100 years ago, old-growth trees were used to make columns, girders, and planks for commercial buildings. Butler Square in Minneapolis is a good example of this applied construction technology. It was a sound construction strategy; 100 years of service is impressive. However, limitations arose from the availability of old-growth trees to be used for this purpose.
50 years ago mechanical designers in the Minneapolis area took the innovative step of applying emerging heat pump technology to indoor climate applications. It was revolutionary. Systems were simplified and installed costs plummeted. It was a serviceable technology for many commercial applications.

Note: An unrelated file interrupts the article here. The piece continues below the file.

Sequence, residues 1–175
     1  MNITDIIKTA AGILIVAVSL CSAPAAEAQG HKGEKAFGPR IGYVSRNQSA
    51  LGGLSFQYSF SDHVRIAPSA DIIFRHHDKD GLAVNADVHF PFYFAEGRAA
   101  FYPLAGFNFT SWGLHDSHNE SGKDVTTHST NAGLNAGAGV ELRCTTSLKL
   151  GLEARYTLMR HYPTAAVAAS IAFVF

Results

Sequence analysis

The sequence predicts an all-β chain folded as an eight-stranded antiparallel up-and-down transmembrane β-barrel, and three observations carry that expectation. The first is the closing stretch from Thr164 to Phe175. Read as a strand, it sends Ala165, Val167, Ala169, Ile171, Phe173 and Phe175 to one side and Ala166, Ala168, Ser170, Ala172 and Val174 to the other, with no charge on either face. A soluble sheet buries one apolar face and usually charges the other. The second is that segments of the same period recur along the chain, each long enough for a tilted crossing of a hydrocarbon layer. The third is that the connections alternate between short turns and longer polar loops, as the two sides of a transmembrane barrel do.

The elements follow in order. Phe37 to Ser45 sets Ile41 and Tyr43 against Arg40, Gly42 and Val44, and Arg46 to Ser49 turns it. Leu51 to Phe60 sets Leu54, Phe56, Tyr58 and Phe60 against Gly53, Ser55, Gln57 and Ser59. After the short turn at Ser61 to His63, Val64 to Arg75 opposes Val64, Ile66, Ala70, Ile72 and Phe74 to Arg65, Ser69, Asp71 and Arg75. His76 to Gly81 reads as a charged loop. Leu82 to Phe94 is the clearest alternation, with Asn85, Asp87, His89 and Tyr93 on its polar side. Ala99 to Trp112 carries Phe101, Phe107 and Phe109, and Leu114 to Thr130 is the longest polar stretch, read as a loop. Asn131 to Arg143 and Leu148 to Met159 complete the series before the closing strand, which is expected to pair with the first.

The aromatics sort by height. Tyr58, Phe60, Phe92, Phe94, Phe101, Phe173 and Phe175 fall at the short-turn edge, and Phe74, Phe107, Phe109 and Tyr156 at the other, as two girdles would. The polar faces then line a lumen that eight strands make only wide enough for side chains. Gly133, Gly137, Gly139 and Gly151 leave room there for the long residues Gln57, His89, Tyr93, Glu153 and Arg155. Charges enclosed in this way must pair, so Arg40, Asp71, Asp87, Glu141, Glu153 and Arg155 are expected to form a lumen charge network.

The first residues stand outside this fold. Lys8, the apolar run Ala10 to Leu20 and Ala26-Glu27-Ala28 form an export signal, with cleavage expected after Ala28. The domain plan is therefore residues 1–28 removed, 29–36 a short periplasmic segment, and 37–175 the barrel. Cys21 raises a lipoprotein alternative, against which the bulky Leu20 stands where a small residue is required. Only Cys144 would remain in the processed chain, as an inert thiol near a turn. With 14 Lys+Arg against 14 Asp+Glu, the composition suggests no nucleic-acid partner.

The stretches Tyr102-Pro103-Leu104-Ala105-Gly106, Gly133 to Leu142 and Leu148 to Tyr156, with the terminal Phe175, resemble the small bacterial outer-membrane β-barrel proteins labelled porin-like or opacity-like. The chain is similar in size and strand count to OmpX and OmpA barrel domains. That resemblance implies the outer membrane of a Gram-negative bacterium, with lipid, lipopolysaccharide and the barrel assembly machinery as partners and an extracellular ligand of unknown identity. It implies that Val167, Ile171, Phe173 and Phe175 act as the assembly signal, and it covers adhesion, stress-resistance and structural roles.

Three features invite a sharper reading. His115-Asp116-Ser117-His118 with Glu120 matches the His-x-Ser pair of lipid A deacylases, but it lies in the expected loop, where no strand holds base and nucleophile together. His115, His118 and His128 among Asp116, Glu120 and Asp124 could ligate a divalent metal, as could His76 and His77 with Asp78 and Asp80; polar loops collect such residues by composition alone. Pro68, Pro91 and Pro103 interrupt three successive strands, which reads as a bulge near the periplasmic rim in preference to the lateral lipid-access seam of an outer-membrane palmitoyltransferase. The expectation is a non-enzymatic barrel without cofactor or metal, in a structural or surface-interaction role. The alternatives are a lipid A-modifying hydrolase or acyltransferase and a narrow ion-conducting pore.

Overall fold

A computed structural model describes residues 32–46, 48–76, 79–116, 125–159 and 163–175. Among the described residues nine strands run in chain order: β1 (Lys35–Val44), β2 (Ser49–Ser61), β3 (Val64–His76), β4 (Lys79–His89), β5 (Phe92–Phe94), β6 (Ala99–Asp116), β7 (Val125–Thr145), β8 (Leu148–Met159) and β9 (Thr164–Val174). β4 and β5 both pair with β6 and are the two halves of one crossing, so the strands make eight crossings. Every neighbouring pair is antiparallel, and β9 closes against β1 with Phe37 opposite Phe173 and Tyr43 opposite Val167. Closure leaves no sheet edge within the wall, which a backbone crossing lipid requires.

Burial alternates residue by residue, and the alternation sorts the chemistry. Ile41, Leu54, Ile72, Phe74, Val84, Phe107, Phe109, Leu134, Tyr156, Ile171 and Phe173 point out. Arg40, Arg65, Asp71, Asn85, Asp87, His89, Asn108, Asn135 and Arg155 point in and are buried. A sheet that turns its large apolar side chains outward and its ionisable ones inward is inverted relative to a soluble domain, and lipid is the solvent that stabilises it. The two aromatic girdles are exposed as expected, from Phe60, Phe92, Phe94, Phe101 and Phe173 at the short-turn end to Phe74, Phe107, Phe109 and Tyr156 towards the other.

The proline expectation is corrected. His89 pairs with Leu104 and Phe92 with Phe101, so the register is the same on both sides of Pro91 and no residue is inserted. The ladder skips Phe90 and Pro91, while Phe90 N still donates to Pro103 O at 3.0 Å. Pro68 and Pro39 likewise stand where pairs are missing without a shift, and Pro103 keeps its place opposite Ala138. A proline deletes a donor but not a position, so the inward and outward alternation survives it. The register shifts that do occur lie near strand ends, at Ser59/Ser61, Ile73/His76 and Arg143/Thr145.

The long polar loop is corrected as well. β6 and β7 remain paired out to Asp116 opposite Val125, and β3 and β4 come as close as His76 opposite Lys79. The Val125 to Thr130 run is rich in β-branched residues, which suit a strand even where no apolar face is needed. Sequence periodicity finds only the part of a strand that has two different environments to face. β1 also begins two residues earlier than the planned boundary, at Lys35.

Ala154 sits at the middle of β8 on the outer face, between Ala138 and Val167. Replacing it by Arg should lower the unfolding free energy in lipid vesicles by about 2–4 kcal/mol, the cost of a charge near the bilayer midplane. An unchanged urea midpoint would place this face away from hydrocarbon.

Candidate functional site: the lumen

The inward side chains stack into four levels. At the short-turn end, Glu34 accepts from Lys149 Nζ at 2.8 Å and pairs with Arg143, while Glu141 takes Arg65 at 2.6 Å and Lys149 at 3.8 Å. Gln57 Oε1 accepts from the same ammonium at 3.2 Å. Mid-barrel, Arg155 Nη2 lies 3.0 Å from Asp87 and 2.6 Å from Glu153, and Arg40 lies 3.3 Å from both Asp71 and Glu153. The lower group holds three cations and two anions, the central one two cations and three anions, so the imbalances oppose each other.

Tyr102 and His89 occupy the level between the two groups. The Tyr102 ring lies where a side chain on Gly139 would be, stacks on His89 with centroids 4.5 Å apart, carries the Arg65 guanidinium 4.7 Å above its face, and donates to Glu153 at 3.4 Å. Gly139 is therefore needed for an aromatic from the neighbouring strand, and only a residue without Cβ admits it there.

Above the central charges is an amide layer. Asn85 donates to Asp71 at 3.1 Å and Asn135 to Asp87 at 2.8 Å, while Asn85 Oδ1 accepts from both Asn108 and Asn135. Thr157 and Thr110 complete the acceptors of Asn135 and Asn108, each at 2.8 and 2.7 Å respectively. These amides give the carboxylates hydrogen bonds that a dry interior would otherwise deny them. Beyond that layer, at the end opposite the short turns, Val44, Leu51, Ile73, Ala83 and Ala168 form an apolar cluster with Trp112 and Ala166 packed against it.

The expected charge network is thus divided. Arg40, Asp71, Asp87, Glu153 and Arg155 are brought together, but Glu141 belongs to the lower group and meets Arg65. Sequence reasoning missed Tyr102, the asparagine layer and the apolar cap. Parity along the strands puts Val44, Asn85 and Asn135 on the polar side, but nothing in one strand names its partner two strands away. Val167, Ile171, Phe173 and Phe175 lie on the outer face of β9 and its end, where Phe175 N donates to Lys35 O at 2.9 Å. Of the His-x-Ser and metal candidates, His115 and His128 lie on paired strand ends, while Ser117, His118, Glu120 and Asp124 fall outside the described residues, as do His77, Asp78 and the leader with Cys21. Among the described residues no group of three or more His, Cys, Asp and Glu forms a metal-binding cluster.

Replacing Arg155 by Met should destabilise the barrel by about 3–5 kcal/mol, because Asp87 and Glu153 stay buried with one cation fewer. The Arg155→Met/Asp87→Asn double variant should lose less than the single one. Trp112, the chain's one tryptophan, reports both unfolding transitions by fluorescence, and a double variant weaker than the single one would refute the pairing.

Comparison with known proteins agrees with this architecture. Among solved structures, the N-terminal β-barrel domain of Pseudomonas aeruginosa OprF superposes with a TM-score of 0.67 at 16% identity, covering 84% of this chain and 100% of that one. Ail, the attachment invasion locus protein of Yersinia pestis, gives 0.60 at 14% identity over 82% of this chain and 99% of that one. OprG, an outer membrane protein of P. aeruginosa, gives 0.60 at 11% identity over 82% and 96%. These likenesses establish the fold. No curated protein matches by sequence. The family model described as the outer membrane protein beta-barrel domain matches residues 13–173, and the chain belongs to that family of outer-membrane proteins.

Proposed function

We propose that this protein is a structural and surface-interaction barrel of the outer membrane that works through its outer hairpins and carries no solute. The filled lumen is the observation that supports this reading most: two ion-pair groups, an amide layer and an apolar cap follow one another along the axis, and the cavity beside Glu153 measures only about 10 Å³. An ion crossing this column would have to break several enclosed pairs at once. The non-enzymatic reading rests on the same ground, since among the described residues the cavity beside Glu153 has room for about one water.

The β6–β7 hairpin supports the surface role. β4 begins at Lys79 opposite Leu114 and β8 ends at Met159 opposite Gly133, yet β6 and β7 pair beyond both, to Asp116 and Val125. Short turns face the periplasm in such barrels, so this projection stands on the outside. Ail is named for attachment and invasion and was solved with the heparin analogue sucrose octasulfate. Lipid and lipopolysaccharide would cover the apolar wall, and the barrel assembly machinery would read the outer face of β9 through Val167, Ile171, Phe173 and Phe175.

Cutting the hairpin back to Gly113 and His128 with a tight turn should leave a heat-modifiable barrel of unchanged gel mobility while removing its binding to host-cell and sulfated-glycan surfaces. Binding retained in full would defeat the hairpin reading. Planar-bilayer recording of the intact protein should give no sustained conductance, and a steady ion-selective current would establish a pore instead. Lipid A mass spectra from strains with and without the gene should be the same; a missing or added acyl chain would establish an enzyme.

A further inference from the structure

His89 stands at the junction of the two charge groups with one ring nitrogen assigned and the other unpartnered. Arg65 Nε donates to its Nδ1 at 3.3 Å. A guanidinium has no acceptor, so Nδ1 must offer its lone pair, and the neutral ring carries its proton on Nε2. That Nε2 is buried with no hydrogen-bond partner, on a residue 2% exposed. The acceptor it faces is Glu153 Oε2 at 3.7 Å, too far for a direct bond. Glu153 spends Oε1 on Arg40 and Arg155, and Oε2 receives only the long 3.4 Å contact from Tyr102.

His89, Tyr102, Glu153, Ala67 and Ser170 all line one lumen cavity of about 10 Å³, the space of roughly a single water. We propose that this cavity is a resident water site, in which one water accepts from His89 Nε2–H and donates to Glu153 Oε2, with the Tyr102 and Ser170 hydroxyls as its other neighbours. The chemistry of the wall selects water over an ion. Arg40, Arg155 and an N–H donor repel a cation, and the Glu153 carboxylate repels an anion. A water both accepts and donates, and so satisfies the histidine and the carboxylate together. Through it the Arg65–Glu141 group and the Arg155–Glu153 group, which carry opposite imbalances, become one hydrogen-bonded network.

Fast forward to today, and the old is being made new again. The fabricated, structural timber industry now makes components to build frames and floors without relying on old-growth trees. To the contrary, 12 to 14-year-old trees are farmed and harvested to make glue-laminated products for the construction of timber frames and CLT floor systems (cross laminated timber).
Application of heat pumps is being used for high-efficiency indoor climate systems. The hydronic water piping systems move the energy around the building to where it’s needed. The side of the building in sunlight sheds its excess heat (aka cooling) to the shaded side of the building requiring heating. This distribution by way of the heat pumps leads to reduced energy consumption for indoor climate and comfort.
It turns out that the many energy-saving advantages of wood when combined with high-efficiency indoor climate squarely addresses the issues of energy conservation needed in this era of global warming brought by man’s activity.
Care taken in the building industry can make a big difference; join the movement!
(see the blog post at this site: “Timber and Advanced Energy Project Planned in the Upper-Midwest.”)